Destia’s Marja-Terttu Sikiö: Environmental issues and sustainability are increasingly important themes in the planning of infrastructure projects
The infrastructure sector is one of the most-polluting industries worldwide. The majority of emissions occur after commissioning, but the construction itself also has an impact on the environment.
Regardless of the sector, environmental issues and sustainability targets are becoming increasingly important topics in conversations, and the bar has been set high. In infrastructure construction, achieving these targets and reducing emissions means new technological and materials options need to be explored, and that procedures need to be changed to a certain extent. Digitalization is also expected to help mitigate the environmental impact of construction. Finland has a good starting point for this, as much effort has been put into digitizing infrastructure over the past 10 years.
To achieve sustainability in infrastructure construction, we need to think holistically. Destia, for example, has a long tradition of caring for social sustainability, including occupational safety and employee well-being. However, sustainability is becoming a more widespread topic across the sector, and there is ever-growing talk about emissions and the environmental impact as a whole.
We interviewed Destia’s Marja-Terttu Sikiö to see how she sees the conversation around the topic and what could be done to promote change.
How do you see the present situation in the construction sector?
I see it as very positive in the sense that environmental issues and sustainability, such as climate work, are increasingly accounted for in projects, including in municipal development projects. For Destia, social sustainability issues, such as occupational safety and employee well-being, have long been important themes.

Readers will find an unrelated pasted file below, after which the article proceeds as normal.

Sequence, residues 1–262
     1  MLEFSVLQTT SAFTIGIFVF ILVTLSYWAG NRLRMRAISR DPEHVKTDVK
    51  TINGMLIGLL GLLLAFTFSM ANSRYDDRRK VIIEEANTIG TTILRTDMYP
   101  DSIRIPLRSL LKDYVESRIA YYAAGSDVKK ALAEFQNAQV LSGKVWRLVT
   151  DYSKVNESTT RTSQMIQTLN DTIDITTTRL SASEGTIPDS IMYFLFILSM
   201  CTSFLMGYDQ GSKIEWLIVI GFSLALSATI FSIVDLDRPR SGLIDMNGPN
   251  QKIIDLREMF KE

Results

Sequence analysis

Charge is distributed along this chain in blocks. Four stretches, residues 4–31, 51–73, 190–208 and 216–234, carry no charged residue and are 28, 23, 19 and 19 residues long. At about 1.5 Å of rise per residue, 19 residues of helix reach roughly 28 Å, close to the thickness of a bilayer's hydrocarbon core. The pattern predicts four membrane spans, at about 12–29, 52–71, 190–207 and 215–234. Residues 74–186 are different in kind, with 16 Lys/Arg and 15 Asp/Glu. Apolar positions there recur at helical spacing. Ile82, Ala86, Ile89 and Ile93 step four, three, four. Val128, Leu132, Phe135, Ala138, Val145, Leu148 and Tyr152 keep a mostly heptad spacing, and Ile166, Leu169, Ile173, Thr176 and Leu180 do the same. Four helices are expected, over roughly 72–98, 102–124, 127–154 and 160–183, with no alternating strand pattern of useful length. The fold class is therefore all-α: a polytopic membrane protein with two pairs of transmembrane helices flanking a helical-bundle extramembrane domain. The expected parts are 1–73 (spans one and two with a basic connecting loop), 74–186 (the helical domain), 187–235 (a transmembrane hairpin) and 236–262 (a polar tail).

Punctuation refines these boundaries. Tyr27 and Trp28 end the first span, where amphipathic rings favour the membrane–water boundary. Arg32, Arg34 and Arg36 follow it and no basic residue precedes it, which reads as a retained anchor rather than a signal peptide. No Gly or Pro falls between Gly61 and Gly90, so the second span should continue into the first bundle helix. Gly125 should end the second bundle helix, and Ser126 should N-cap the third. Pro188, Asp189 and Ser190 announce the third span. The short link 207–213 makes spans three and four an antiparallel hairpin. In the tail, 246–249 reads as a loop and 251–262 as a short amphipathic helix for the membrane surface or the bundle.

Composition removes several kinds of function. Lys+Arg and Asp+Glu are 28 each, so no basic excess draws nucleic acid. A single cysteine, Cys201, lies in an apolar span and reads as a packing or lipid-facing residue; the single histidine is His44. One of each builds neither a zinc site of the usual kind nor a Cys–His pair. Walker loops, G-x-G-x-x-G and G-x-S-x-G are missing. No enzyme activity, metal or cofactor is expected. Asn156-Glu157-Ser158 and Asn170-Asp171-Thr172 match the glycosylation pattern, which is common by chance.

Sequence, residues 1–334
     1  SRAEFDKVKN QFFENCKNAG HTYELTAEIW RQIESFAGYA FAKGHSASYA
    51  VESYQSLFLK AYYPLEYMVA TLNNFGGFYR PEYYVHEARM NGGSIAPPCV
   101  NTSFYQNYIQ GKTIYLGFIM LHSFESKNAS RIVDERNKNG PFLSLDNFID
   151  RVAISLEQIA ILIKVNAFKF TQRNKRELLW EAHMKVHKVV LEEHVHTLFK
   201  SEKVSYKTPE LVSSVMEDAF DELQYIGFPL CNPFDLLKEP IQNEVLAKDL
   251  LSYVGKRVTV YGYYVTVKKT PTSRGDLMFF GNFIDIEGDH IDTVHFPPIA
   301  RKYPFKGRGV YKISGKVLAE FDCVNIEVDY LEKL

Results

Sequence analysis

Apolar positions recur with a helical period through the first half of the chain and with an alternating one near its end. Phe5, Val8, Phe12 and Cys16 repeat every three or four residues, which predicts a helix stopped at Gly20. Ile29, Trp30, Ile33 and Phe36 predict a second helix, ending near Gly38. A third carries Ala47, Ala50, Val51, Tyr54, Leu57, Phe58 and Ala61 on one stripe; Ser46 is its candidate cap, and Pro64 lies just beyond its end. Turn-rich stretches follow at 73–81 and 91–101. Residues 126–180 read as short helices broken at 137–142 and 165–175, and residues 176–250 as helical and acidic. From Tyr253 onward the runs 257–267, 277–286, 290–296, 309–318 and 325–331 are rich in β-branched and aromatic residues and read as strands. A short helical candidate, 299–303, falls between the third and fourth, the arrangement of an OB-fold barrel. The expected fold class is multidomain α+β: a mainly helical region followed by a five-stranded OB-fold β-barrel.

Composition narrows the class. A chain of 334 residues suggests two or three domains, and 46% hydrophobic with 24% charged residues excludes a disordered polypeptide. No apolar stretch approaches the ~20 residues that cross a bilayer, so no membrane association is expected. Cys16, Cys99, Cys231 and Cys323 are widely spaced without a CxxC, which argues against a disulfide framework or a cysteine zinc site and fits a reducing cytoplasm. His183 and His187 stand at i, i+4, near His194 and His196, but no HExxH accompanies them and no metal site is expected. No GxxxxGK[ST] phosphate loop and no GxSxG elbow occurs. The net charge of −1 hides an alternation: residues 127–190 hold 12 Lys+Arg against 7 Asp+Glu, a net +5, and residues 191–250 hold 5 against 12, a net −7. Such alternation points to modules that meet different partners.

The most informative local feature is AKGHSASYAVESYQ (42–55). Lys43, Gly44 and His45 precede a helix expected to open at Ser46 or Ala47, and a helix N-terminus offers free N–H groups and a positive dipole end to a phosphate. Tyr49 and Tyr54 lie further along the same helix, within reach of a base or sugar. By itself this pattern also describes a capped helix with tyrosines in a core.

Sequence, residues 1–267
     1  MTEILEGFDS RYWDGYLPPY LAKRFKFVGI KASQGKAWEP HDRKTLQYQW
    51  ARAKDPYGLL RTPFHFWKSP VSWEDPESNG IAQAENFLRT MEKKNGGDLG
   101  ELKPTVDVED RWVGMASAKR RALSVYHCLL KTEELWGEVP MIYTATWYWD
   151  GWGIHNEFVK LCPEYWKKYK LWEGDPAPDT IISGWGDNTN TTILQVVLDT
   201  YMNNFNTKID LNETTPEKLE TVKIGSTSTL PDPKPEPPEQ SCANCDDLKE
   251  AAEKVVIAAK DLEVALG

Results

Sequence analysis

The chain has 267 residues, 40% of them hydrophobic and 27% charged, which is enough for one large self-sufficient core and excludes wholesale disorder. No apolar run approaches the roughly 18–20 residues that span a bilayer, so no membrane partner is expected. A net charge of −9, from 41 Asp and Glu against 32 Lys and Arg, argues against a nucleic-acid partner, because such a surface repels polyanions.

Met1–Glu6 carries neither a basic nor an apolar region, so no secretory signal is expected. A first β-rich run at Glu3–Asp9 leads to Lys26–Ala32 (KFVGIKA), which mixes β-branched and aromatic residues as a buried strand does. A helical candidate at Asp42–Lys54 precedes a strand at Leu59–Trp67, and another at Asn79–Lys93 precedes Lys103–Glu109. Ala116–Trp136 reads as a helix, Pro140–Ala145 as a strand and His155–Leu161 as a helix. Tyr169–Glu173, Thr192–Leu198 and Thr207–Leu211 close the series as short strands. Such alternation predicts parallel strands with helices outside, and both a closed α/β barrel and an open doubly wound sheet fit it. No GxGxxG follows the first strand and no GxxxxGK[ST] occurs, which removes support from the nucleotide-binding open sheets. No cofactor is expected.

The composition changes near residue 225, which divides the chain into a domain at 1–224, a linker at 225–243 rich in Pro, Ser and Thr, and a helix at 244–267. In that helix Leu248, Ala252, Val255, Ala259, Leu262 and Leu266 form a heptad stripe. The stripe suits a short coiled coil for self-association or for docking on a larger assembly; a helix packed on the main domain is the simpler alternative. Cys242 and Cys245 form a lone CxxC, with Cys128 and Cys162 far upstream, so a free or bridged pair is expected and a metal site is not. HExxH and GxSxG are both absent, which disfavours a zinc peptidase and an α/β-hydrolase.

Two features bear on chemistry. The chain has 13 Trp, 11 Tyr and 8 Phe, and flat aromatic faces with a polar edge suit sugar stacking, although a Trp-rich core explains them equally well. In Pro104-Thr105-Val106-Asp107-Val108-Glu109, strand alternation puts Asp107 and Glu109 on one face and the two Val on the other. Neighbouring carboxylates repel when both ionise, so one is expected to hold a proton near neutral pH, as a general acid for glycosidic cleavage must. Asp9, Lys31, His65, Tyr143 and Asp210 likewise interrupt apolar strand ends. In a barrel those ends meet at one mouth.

Do you see something in the present situation that prevents or hinders progress?
I think the main obstacle is lack of knowledge and bold experiments on a practical level. Of course, when it comes to large projects and long-lasting structures, we’re bound to practice some caution. To make progress in the sector, more examples of successful projects, as well as challenges and areas for improvement, are needed. We also need more companies, municipalities, and people who are willing to embrace change and act as pioneers.
How do you think the situation will develop in the future?
I believe there will be an even wider selection of requirements and perspectives of sustainability that need to be taken into account in new projects. New practices will first be introduced in larger pioneering projects, such as alliance projects. They offer a good opportunity to do things in a new way, with close cooperation between the different actors. Best practices will then spread to other projects as a result of the pioneers’ success.
What do you think are the key factors in bringing about change and controlling emissions?
The key is developing and deploying skills, competences, and new practices through pilot projects. Furthermore, with digitalization, we have the potential to significantly expand the knowledge base. Considering transport emissions, most of the emissions of transport infrastructure occur during use. This also applies to light rail projects. These emissions will be reduced by advances in vehicle technology and electricity generation methods.
Apart from the operational phase, the majority of emissions are generated by a few materials, such as steel, concrete, and asphalt. These emissions can be reduced by using recycled raw materials. The choice of worksite machinery and transport equipment also matters. More integration of data collection across the entire production chain and the use of this data for planning and implementing emission reductions is still needed on worksites.
Marja-Terttu Sikiö has been working for Destia’s Design and Expert Services for 14 years. Currently, she works as a Project and Team Leader in the Environmental Assessment Department.
Destia is Finland’s largest operator in the infrastructure sector and part of the international Colas Group. The company designs, builds, and maintains infrastructure necessary for a well-functioning society. This includes electricity grids, bridges, roads, and railways. Destia improves cities by developing telematics and lighting solutions, and by offering a wide range of services for transport and infrastructure asset management.
Changing from guessing to controlling emissions
Soon, we’ll be able to improve how we control emissions by making sure we know what has been emitted. To do this, we need to measure them, which will help us meet the carbon net zero aims for building infrastructure.
We’re working harder to create ways to reach our carbon neutrality goals. A big part of this effort is creating systems that track emissions using information from the production process.
March 21, 2023
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